Sunday newspaper tips: 3i Group, Inspired Energy, Inmarsat
3i Group shares received a 'hold' recommendation in the Sunday Times' Inside the City column. While its financial are solid and investors are happy with the more than threefold rise delivered under CEO Simon Borrows, the private equity group is facing ever more pressure for buyouts.
Much of the gains under Borrows are thanks to the investment in Dutch discounter Action, which is growing fast and has seen 3i's investment holding worth around £1.5bn. At around a third of the entire portfolio value, investors may be concerned the group's success is too reliant on this one investment. 3i, which now invests its own cash with no outside investors, "has left little margin for error should its future investments fail to repeat Action’s success".
Shares in Inspired Energy were tipped as a 'buy' by Midas in the Mail on Sunday. The Lancashire company helps firms cut their power bills, with its 1,600-plus corporate clients including Kwik-Fit, Formica and Muller Milk and Ingredients. Using close relationships with 17 energy groups in the UK, including all of the Big Six, Inspired's two services are buying gas and electricity for clients and providing advice on how best to manage energy needs.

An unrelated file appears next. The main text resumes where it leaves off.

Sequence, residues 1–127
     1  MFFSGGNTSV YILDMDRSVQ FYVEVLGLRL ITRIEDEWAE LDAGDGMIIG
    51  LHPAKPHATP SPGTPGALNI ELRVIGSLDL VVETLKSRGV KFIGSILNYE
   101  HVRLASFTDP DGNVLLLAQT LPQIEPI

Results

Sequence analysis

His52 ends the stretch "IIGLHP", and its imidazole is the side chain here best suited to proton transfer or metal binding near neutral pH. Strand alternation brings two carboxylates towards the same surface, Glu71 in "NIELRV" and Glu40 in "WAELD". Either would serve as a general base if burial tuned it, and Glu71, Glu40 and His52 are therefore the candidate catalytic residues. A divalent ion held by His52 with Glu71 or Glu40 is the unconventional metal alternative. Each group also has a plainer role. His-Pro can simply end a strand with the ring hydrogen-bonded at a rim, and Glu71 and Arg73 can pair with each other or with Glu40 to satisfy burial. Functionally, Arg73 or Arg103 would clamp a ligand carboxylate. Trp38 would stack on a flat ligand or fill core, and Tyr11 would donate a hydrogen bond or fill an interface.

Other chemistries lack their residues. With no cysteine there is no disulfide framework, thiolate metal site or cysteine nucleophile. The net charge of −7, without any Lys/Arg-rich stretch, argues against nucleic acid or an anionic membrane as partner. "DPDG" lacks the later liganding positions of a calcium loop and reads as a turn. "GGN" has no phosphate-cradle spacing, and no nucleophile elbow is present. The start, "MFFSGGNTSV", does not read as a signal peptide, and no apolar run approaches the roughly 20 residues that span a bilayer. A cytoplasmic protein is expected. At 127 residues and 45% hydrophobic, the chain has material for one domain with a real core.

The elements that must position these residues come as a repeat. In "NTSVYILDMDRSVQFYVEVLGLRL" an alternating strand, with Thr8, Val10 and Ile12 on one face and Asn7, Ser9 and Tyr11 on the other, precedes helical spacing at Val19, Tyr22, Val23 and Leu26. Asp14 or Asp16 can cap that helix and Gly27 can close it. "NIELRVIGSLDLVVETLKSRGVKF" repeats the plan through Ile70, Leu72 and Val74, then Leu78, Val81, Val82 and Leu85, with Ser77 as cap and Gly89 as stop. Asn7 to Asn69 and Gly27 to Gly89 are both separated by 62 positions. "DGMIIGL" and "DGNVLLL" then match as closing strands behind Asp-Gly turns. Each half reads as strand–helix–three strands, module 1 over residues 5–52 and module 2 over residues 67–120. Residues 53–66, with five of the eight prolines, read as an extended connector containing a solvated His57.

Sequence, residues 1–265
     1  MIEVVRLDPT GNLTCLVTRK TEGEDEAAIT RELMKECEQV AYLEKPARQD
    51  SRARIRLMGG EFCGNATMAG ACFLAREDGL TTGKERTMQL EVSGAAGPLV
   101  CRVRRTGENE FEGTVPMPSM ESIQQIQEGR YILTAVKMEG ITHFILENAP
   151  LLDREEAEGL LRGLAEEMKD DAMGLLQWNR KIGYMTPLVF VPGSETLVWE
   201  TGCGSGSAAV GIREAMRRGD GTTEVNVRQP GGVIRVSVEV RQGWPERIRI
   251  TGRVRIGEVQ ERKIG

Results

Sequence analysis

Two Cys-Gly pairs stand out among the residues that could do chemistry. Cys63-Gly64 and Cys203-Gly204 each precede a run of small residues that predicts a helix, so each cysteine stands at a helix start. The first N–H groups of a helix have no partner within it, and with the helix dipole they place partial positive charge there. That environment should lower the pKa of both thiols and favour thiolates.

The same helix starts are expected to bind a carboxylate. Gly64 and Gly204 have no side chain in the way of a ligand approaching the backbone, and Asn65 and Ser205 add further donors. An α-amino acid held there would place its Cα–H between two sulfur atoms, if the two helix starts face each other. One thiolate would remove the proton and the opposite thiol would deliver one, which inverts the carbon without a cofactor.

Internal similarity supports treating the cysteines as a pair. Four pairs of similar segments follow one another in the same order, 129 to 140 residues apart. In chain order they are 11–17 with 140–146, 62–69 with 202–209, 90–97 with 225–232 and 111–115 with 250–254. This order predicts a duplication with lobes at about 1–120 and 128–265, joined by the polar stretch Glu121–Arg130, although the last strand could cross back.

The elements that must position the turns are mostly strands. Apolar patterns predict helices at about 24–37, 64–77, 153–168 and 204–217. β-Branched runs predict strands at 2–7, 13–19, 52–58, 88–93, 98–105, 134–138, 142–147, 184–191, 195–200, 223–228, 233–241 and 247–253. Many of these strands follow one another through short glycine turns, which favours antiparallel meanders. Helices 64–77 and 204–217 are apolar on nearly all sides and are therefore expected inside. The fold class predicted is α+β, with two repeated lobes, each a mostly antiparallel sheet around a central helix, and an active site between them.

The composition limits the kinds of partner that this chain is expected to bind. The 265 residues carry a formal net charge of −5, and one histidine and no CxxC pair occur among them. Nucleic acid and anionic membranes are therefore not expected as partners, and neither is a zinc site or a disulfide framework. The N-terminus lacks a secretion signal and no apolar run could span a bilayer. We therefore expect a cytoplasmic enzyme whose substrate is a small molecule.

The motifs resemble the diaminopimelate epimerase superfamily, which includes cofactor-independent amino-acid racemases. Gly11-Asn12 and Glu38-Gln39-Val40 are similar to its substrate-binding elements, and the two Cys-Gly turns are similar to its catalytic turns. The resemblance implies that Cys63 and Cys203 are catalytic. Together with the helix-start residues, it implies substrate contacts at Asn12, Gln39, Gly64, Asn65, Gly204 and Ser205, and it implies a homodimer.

Inspired floated on AIM just over five years ago and, helped by seven acquisitions, has grown its market valuation from £12m to more than £60m. Profits are expected to soar 40% to £6.3m in 2016 and then to at least £7.9m in 2017, with the dividend forecast at 0.45p for 2016 and 0.5p for 2017. The share "have barely moved in a year and are seriously undervalued".
Inmarsat was a 'buy' for the Telegraph's Questor, for investors who can look was the satellite broadband specialist's short-term turbulence and see the longer-term potential. Troubles in the maritime market sent the shares falling to earth last year before they later rocketed higher only to be severely dented by news this January that higher start-up costs would send aviation earnings down before recovering in 2018.
A possible recovery in maritime and improving government revenues provide a basis for a bounce back, while the European Aviation Network venture with Deutsche Telekom holds hope for extra gains, with a first satellite to provide in-flight internet to be launched later this year. Analysts at Euroconsult forecast the market for passenger connectivity to rocket from $700m in 2015 to nearly $5.4bn by 2025, which allows Inmarsat plenty of room even if competitors up their game. Lufthansa, Air New Zealand and IAG have already signed up in advance for Inmarsat's services.